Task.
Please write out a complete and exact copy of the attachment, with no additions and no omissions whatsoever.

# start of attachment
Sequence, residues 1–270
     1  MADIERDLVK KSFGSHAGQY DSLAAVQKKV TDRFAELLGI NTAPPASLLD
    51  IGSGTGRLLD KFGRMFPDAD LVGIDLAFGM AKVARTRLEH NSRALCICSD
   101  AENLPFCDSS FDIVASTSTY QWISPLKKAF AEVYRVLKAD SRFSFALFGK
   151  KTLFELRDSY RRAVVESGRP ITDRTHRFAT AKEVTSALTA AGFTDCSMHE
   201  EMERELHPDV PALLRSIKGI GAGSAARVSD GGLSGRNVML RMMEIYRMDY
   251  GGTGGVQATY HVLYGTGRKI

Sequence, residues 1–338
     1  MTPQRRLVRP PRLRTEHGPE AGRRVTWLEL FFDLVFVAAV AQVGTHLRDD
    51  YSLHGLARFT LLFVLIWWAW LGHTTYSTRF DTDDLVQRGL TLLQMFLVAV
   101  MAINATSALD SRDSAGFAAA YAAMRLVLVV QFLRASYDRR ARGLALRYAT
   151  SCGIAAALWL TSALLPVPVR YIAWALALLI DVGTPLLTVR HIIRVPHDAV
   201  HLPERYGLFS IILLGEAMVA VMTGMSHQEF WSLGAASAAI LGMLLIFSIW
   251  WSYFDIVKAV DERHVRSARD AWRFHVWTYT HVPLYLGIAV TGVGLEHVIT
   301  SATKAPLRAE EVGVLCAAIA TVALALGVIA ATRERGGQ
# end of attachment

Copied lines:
Sequence, residues 1–270
     1  MADIERDLVK KSFGSHAGQY DSLAAVQKKV TDRFAELLGI NTAPPASLLD
    51  IGSGTGRLLD KFGRMFPDAD LVGIDLAFGM AKVARTRLEH NSRALCICSD
   101  AENLPFCDSS FDIVASTSTY QWISPLKKAF AEVYRVLKAD SRFSFALFGK
   151  KTLFELRDSY RRAVVESGRP ITDRTHRFAT AKEVTSALTA AGFTDCSMHE
   201  EMERELHPDV PALLRSIKGI GAGSAARVSD GGLSGRNVML RMMEIYRMDY
   251  GGTGGVQATY HVLYGTGRKI

Sequence, residues 1–338
     1  MTPQRRLVRP PRLRTEHGPE AGRRVTWLEL FFDLVFVAAV AQVGTHLRDD
    51  YSLHGLARFT LLFVLIWWAW LGHTTYSTRF DTDDLVQRGL TLLQMFLVAV
   101  MAINATSALD SRDSAGFAAA YAAMRLVLVV QFLRASYDRR ARGLALRYAT
   151  SCGIAAALWL TSALLPVPVR YIAWALALLI DVGTPLLTVR HIIRVPHDAV
   201  HLPERYGLFS IILLGEAMVA VMTGMSHQEF WSLGAASAAI LGMLLIFSIW
   251  WSYFDIVKAV DERHVRSARD AWRFHVWTYT HVPLYLGIAV TGVGLEHVIT
   301  SATKAPLRAE EVGVLCAAIA TVALALGVIA ATRERGGQ